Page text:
Such “ethno-religious” alliances extended into the twentieth century, with
Franklin D. Roosevelt’s “New Deal” coalition being a prime example. After
all, the New Deal Democrats were an alliance of northern Catholic and Jewish
“ethnics,” black Protestants and secular cosmopolitans, and southern white Prot-
estants, especially Evangelicals. In contrast, the Republican coalition of that era
was dominated by Mainline Protestant churches.6 As table 1.1 (in Chapter 1)
showed, religious communities were still quite important to the vote at the begin-
ning of the twenty-first century.

Religious Traditions
One useful way to reduce the complexity of religious communities is with the
concept of a “religious tradition.” A religious tradition is a set of religious
denominations, movements, and congregations with similar doctrines, practices,
and origins.7 This definition allows observers to aggregate the many small reli-
gious communities into categories that are both meaningful and useful. Indeed,
the powerful patterns in table 1.1 are the product of a simple measure of religious
tradition.
Thus, a religious tradition is defined in part by the religious behaviors and
beliefs that are regarded as normative by the communities in question, either in
the form of formal statements or an informal consensus. In shorthand, these
norms amount to a particular kind of “traditional” behavior and belief. Such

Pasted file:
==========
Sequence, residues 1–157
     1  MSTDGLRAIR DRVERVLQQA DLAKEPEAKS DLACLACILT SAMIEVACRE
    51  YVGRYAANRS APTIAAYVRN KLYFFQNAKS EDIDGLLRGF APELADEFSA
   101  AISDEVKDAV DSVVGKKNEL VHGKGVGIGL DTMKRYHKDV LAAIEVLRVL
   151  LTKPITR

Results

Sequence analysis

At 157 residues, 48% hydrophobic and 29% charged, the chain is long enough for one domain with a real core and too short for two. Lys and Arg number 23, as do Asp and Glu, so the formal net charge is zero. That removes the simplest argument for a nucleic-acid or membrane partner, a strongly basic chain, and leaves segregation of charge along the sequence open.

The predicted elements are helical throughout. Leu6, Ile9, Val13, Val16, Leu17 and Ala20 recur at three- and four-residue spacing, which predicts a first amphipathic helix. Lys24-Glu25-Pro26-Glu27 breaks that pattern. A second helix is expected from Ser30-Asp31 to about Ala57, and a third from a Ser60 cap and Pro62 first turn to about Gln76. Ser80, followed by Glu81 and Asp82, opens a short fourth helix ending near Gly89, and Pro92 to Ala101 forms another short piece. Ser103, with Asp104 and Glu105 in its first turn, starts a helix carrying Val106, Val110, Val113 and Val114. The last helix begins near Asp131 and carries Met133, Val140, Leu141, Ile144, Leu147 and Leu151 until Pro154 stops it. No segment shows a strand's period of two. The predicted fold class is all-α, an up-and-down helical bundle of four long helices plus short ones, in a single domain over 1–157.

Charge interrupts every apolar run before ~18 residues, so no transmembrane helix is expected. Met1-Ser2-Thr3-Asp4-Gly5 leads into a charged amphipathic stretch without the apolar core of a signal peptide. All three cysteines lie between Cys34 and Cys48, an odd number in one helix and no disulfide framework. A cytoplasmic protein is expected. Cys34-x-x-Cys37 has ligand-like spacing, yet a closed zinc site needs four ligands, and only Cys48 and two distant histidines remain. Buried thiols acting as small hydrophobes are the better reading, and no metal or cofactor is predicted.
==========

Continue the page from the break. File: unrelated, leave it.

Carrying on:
practices and doctrines provide the rationale for religious institutions, which in
turn seek to make their tradition real and relevant in the lives of individual
“belongers.” Much of this work is accomplished by the clergy and other religious
24 THE FAITH FACTOR

leaders, but it also occurs in the regular interaction among the laity. Of course,
individual adherents may differ in the degree of “traditionalism,” that is, holding
to the normative practices and beliefs of the religious tradition to which they
belong—a matter that will be discussed at length in the next chapter.
A religious tradition is also defined in part by history: all religious commun-
ities had specific beginnings, such as an expansion or consolidation of an existing
religious body, schisms or mergers due to religious innovations, or the invention
of a new faith. Such changes can come from the internal dynamics of religious
life as well as from external factors, ranging from economic development to cul-
tural conflict. Indeed, the definition of a religious tradition recognizes that reli-
gious belonging is a complicated phenomenon, including well-established
denominations, fluid religious movements, and independent congregations.
There is also a practical element to the definition of religious traditions: it
stresses “similar” doctrines, practices, and origins. The relevant degree of simi-
larity is inevitably a judgment call. It depends in part on the historical era. For
example, some beliefs and practices that defined religious traditions in the nine-
teenth century did not matter as much a century later, while differences hardly
noticed in 1900 had become significant by 2000. Geographic context matters as